IDAHO — "Being a member of the Ada County Sheriffs' office is a privilege and we don't take that job lightly," said Ada County Sheriff, Steve Bartlett as he opened the discussion.
As a result of recent events and questions raised by the public about local law enforcement Bartlett sat down and addressed concerns about his agency, how they work and their duty in society.
For him, it starts with hiring the right people. He said that he sits down with each candidate and gets to know them personally.
Once hired, no matter your role within the agency every employee goes through extensive training.
“Last year's budget we have invested over $500,000 into our employees to ensure they are receiving the highest level and the proper training,” said Bartlett.
The training includes topics of racism and proper de-escalation tactics, which focuses a lot on simply listening to the needs of the person they are dealing with.
“Those classes ensure that when we show up on a call we have set aside our personal biases and personal beliefs and we are just there to take care of the public,” said Bartlett.
But with all the talk about defunding the police, Bartlett said that it comes down to if the people can trust them to do their job.
“My personal opinion is not that citizens want to cut the budgets, but that they want accountability,” said Barlett. "Can they trust the agencies that are there to serve and protect them to do their job correctly? That's what it comes down to."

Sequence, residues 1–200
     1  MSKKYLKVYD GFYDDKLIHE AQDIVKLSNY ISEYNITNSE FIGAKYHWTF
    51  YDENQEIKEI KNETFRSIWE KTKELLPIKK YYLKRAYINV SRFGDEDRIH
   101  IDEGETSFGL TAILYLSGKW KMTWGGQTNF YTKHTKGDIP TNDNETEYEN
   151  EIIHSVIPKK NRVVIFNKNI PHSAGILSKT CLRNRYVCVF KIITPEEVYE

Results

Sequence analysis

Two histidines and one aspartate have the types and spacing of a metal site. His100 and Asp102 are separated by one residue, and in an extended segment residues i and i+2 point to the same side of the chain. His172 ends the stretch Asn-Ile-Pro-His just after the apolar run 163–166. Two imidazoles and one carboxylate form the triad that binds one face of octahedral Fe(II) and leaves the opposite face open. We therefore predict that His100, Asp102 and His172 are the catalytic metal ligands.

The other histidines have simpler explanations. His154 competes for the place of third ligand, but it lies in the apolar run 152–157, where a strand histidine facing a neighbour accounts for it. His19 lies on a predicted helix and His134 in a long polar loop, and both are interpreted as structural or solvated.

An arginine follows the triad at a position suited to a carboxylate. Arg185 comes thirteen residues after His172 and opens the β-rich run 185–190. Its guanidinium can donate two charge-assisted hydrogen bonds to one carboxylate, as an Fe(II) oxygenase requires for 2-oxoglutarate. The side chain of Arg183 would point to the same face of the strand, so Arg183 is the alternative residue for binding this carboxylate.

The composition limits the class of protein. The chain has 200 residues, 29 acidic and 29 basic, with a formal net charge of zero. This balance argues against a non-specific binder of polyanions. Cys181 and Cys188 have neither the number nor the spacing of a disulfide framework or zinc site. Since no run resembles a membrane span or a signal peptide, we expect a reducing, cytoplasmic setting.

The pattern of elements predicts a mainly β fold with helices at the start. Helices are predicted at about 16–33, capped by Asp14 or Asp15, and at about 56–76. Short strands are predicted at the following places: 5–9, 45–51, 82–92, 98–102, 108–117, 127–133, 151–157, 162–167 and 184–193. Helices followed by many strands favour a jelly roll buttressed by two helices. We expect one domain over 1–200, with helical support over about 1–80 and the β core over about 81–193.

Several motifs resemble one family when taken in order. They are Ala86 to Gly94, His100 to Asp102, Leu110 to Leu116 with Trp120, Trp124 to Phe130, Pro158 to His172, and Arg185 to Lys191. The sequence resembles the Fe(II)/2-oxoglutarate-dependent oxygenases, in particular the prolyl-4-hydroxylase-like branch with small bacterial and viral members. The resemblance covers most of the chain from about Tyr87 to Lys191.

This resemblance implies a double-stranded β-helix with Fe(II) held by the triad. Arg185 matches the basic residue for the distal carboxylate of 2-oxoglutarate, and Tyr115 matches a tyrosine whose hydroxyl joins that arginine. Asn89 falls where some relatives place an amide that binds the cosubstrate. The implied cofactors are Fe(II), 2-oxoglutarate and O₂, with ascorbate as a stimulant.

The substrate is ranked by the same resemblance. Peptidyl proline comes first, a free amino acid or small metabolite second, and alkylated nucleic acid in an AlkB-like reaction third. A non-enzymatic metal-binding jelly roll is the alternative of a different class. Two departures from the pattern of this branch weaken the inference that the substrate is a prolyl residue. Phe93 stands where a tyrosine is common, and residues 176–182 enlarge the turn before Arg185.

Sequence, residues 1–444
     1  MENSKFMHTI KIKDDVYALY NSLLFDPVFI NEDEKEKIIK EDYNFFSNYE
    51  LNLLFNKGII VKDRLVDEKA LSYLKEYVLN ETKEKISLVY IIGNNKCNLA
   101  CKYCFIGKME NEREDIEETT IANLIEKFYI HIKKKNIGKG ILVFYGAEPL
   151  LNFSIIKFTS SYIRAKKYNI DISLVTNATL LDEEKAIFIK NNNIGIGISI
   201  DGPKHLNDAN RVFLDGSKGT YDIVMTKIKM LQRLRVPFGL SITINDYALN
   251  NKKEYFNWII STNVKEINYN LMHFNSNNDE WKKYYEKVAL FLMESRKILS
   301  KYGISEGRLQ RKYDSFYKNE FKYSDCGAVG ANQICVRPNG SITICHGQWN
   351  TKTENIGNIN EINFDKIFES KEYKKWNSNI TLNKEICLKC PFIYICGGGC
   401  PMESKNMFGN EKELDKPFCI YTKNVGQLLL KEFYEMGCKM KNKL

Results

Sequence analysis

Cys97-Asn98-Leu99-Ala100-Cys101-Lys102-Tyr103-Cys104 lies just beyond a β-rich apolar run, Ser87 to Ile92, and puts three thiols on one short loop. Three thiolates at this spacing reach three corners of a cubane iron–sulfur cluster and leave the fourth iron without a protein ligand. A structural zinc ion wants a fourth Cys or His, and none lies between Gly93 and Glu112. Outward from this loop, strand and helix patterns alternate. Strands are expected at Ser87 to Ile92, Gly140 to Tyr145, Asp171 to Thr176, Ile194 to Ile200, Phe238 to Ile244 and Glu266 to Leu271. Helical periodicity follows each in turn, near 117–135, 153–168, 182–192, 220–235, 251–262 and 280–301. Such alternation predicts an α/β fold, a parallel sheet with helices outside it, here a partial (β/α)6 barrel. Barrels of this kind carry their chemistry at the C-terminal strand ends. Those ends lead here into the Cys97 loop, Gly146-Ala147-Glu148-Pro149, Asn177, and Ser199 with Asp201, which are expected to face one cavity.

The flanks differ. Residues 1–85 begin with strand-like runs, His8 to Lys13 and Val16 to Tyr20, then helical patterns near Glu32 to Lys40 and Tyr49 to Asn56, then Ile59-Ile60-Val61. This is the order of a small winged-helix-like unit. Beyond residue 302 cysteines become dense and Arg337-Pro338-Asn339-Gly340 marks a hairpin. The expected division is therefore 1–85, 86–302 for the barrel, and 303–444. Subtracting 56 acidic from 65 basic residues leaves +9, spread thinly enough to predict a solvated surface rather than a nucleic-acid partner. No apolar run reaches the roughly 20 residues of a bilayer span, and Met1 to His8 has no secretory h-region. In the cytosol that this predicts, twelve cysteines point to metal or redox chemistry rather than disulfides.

He said that his department is held accountable through critical performance reviews, documented reports and direct feedback from citizens. He wants the public to know that if you see something happening that isn't right, to call, email, or come in because citizen review is something they take seriously.
He's also open to having a conversation about having other social service workers help deputies with mental health calls.
“Many of the jobs that fall on the shoulders and the backs of our deputies fall there because there are no other people to respond to those crises and emergencies," said Bartlett. "We are happy to be that person but we also strongly agree that we would open a conversation to figure out better solutions.”
His agency is also strongly against the use of excessive force and that shows in their numbers.
“In patrol, our use of force number is 0.12 percent of all of our calls for service result in a use of force,” said Bartlett
Their use of force numbers in the Ada County jail is even lower.
"Our use of force with all of our contacts and calls for service in the jail is 0.03 percent," said Bartlett.
He said there is no place for racism or unlawful behavior within his agency.
“This means that no matter what race, gender, what religious organization you belong to when you call 911 or our non-emergency line and you ask for our assistance that each one of our staff members would treat you the same way no matter who you are,” said Bartlett.
You can watch the full town hall discussion through this link.
The Ada County Sheriff's Office also said that this will not be the last of town hall discussions, and encourages the public to reach out with any questions or concerns.